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Seminar Series 2018 – Daniel T. Hallinan Jr., Ph.D.
October 1, 2018 @ 4:05 pm - 5:00 pm
Daniel T. Hallinan Jr., Ph.D.
Department of Chemical and Biomedical Engineering FAMU-FSU College of Engineering
“Transient Processes in Nanostructured Soft Materials”
Soft materials, such as polymers, can potentially address energy sustainability challenges. For example, polymer electrolytes can improve the safety, energy density, and lifetime of lithium batteries. In addition, polymer membranes enable more energy-efficient gas separation, including capturing carbon dioxide from flue gas and removing water vapor from gas streams. In all these examples, transient processes determine how well a material performs, because ions/gas/vapor must be transported rapidly. The challenge is to enable high transport rates while satisfying other requirements. In lithium batteries, the electrolyte must adhere to electrodes but block electrons and lithium dendrites. Membranes must be selective to the gas/vapor of interest, i.e. flux of the desired species must be much higher than that of the other species present, while also being strong enough to sustain applied pressure. Designing a homogeneous material that is strong, selective, and sticky is essentially impossible. However, nanostructure can confer seemingly incompatible macroscopic properties such as these. From studies of homogeneous polymers, it is known that these macroscopic properties are coupled to microscopic material behavior. Our group’s goal is to apply cutting-edge experimental techniques to better understand the physics of how nanostructure impacts microscopic polymer properties and how these properties are transmitted to the macroscopic scale. Much of our focus is on poly(ethylene oxide) (PEO) an interesting polymer that can conduct ions and is selective to carbon dioxide and water over other gases. This seminar will focus on time-resolved scattering and spectroscopic studies of a block copolymer composed of PEO and polystyrene (PS, a glassy polymer that confers mechanical strength). Block copolymers (BCPs) microphase separate into predictable nanostructures that are determined by chain length. We are interested in strongly microphase separated BCPs that form sharp interfaces between the PS and PEO phases. We have examined the role of interfacial tethering on PEO chain dynamics using neutron spin echo of selectively deuterated PS-PEO. We have also taken advantage of a recently developed technique, X-ray photon correlation spectroscopy (XPCS), that can probe dynamics on nanometer length scales in polymer melts. XPCS has enabled us to examine mesoscopic dynamics of BCP grains (groups of coherently oriented domains). Finally, time-resolved infrared spectroscopy has allowed us to measure transport of lithium salt and water in PS-PEO membranes. In conjunction with rheology, these experiments provide some insight into how nanostructure impacts microscopic, mesoscopic, and macroscopic properties.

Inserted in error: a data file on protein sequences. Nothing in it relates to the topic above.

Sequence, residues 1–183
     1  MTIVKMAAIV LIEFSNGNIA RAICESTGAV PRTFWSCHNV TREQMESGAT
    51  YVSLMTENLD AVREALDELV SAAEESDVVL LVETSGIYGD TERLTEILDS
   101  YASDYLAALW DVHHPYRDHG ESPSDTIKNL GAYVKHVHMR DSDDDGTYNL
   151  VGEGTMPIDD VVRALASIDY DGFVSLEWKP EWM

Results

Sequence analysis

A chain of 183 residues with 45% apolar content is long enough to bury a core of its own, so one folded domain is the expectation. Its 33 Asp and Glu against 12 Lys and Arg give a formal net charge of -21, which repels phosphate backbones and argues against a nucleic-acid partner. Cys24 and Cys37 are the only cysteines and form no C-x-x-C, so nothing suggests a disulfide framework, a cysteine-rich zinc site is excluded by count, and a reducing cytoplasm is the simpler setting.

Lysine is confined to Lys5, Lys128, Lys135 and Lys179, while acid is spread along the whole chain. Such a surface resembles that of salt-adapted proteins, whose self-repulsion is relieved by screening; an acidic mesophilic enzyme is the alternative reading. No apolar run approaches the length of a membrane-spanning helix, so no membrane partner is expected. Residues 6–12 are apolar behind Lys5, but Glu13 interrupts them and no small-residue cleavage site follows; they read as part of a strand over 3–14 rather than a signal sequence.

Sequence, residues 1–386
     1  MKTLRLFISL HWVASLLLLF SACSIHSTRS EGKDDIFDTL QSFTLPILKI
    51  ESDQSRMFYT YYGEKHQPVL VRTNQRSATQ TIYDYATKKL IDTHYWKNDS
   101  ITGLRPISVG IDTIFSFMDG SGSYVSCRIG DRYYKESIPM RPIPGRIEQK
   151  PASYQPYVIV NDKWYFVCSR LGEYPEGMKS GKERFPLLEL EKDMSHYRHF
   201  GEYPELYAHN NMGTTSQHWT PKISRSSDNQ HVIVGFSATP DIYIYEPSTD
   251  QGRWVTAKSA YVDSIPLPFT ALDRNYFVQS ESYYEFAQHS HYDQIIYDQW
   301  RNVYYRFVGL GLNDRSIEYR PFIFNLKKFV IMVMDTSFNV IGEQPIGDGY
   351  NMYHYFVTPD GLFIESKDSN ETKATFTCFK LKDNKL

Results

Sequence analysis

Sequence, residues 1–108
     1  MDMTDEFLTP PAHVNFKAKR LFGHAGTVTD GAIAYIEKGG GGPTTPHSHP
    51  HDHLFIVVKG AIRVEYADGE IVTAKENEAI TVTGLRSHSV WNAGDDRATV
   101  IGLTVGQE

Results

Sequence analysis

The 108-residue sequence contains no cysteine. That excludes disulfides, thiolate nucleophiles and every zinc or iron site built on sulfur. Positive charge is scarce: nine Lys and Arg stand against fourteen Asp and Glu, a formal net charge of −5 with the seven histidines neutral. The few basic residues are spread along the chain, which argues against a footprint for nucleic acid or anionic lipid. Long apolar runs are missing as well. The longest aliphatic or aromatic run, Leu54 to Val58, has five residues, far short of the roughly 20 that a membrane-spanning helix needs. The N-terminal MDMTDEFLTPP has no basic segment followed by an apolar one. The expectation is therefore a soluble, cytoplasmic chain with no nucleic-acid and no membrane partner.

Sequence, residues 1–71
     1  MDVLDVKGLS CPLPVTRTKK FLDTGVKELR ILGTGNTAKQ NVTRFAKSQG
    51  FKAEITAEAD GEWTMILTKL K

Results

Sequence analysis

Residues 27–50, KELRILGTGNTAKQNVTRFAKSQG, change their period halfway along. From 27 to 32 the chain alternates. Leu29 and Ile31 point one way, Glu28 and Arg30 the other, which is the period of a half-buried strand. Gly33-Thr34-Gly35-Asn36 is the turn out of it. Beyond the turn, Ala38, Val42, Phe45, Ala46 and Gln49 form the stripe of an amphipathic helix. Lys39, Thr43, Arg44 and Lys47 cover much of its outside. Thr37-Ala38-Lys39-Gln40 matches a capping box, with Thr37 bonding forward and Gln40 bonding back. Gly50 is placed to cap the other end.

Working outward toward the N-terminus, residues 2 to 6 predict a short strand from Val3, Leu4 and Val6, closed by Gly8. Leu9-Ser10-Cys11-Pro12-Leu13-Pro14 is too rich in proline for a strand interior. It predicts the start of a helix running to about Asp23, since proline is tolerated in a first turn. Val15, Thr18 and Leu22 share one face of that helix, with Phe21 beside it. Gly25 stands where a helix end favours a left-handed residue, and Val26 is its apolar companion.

Dr. Daniel T. Hallinan Jr. is an Assistant Professor at Florida State University with interest in fundamental polymer physics of nanostructured materials such as block copolymers and polymer-grafted nanoparticles as well as applications related to energy sustainability. He is a chemical engineer with bachelor’s degrees from Lafayette College and a PhD from Drexel University. His post-doctoral research was conducted at Lawrence Berkeley National Lab and the University of California, Berkeley. He is actively involved in the polymer communities of the American Physical Society and the American Institute of Chemical Engineers. He recently received an NSF CAREER Award, and has testified before a U.S. Congressional Subcommittee in support of national synchrotron facilities, which his group uses extensively.
MONDAY, October 1, 2018
4:05 pm| 201 NEB